Anthem Files Suit Against Garamendi Over Decision To Block Part of Proposed Merger With WellPoint
Indianapolis-based Anthem on Tuesday filed suit in Los Angeles Superior Court against Insurance Commissioner John Garamendi (D) over allegations that his decision to reject part of a proposed $16.4 billion merger with Thousand Oaks-based WellPoint Health Networks was "an illegal act that must be set aside," AP/Long Island Newsday reports (Jablon, AP/Long Island Newsday, 8/4). Garamendi last month rejected part of the proposed merger after Department of Managed Health Care Director Cindy Ehnes announced her approval of the agreement.
The proposed merger, announced last October, would combine the companies under the name WellPoint and establish headquarters in Indianapolis. The combined company would have $27.1 billion in assets, 40,000 employees and 26 million members in 13 states. Garamendi does not have the authority to block the merger, but he can deny a request by Anthem to acquire the license of Blue Cross of California, which represents the largest part of WellPoint operations in California. He has regulatory authority over Blue Cross Life & Health, a subsidiary of Blue Cross of California that offers life insurance and preferred provider organization plans and accounts for about 10% of WellPoint operations in California. The 10 other states with direct regulatory authority, the federal government and WellPoint and Anthem shareholders have approved the proposed merger.
Garamendi said that Anthem would use as much as $400 million annually in health insurance premiums paid by California residents to finance the proposed merger in the first three years and an unlimited amount after that time. In addition, Garamendi criticized the amount of compensation packages for WellPoint executives under the proposed merger (California Healthline, 7/28).
In the lawsuit, Anthem alleges that Garamendi made the decision to reject part of the proposed merger "based upon his personal beliefs about public health care policy and executive compensation -- grounds for disapproval which do not exist under the California Insurance Code" (AP/Long Island Newsday, 8/4). The lawsuit seeks a writ of mandate that would overturn the decision (Strauss/Swiatek, Indianapolis Star, 8/4). In addition, the lawsuit asks the court to affirm the legality of the proposed merger and prohibit future attempts by Garamendi to block the agreement (AP/Long Island Newsday, 8/4).
The lawsuit "sets the stage for what could be an extended and, possibly, uphill legal battle," the Wall Street Journal reports (Wall Street Journal, 8/4). According to the Star, "there was no indication Tuesday that the suit would force Garamendi to change course" on his decision to reject part of the proposed merger by Nov. 30, when the agreement and the approval by DMHC could expire (Indianapolis Star, 8/4).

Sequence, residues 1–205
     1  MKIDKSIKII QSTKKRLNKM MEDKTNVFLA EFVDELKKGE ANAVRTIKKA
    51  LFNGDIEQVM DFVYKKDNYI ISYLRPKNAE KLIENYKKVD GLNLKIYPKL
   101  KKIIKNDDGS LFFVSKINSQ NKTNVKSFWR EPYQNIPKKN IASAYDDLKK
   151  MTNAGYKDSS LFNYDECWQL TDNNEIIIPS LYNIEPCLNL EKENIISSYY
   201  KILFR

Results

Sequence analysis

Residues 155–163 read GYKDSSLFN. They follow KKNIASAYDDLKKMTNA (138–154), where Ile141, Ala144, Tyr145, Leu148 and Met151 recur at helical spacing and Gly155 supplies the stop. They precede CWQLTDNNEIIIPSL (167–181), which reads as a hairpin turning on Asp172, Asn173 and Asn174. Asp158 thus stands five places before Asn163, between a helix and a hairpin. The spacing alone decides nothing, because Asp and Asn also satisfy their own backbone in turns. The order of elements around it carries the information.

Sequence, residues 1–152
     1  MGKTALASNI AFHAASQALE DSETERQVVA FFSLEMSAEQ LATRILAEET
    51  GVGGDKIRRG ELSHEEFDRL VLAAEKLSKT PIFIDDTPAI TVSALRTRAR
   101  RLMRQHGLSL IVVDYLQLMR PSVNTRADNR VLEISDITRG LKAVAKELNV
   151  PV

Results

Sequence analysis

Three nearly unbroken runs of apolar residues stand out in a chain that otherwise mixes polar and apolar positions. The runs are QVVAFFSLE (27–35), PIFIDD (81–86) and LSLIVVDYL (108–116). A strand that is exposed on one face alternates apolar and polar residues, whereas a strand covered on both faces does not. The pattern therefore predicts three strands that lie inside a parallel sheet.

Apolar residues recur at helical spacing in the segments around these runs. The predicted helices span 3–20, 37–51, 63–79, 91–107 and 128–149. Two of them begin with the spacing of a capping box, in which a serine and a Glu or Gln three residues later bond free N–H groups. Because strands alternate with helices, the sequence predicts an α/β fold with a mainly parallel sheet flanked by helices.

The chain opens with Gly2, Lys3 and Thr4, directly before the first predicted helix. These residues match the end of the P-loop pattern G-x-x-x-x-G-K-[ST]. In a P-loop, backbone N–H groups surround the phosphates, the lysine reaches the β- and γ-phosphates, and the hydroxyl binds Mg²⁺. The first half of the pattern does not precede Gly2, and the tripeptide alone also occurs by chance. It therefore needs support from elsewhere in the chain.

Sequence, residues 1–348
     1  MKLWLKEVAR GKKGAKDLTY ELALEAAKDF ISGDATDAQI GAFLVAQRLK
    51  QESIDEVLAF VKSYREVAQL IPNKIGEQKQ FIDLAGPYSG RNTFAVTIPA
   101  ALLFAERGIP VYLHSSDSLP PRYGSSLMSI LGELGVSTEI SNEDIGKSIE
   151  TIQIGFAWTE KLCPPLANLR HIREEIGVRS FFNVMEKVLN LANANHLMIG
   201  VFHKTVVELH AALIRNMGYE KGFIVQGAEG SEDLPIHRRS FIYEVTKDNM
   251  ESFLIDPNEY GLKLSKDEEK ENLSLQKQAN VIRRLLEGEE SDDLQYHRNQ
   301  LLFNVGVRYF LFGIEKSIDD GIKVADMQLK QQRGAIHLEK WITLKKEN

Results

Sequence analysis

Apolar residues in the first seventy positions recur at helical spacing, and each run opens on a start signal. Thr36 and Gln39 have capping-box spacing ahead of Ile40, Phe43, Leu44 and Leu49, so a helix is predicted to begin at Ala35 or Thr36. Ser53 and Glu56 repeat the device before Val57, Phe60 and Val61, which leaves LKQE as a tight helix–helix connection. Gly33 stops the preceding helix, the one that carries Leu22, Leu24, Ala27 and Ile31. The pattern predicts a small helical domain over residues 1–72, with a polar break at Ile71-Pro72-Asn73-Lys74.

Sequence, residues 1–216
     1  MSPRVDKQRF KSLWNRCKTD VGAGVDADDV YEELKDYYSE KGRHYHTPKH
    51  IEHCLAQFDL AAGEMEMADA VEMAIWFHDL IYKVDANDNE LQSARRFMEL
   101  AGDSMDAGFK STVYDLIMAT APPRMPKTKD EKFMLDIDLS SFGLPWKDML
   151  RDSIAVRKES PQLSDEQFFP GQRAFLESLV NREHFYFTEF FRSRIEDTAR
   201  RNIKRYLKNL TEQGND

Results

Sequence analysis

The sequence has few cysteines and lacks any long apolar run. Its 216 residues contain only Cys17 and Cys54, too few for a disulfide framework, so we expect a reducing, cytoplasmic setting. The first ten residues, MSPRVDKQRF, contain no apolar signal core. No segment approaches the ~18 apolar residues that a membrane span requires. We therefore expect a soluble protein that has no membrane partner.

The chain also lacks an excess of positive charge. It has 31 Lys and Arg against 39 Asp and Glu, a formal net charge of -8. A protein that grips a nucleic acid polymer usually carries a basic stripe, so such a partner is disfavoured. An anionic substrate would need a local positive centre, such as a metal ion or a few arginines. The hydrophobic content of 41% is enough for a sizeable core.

Some legal analysts questioned Garamendi's authority and decision in the matter. Thomas Rundall, a University of California-Berkeley professor of business and public health, said, "The question is whether this particular merger is of a sufficient scale that it is qualitatively different than the many other mergers we have seen" (Rapaport, Sacramento Bee, 8/4).
Legal analyst and Los Angeles attorney Jeffrey Riffer said, "Even if they win in lower court, I believe Garamendi will appeal." He added that the court "would be reluctant" to overturn the decision by Garamendi because he "was given the power to approve or disapprove. So the only issue is did Garamendi abuse his discretion?"
Anthem spokesperson Ed West said, "We will approach the court and ask that the case be decided as soon as possible. We're hopeful it will proceed along in an expeditious manner." He added that the law does not allow Garamendi to "use this as a megaphone for his personal beliefs about public policy issues in health care, about corporate America or about executive compensation" (Indianapolis Star, 8/4).
Anthem CEO Larry Glasscock said, "Filing this suit is something we did not want to do. However, we genuinely feel we have met all the legal requirements necessary for approval of the merger" (AP/Long Island Newsday, 8/4). Anthem officials predicted that they will receive a favorable decision in the case by late this year or early 2005 (Lifsher, Los Angeles Times, 8/4).
Garamendi on Friday said that he had not been served with the lawsuit, according to the Bee. However, he said, "This is a lawsuit I welcome. This will give me an opportunity to fully investigate and for the public to fully understand the merger." He also said that Anthem and WellPoint have used "Enron accounting" to inflate the value of investments they promised to make in California (Sacramento Bee, 8/4). Garamendi said, "We have no intention of losing," but added that he remains open to negotiations with Anthem (AP/Long Island Newsday, 8/4).
According to the Times, Garamendi said he would reconsider his decision to reject part of the proposed merger if Anthem agreed to invest as much as $600 million in health care programs for low-income California residents (Los Angeles Times, 8/4).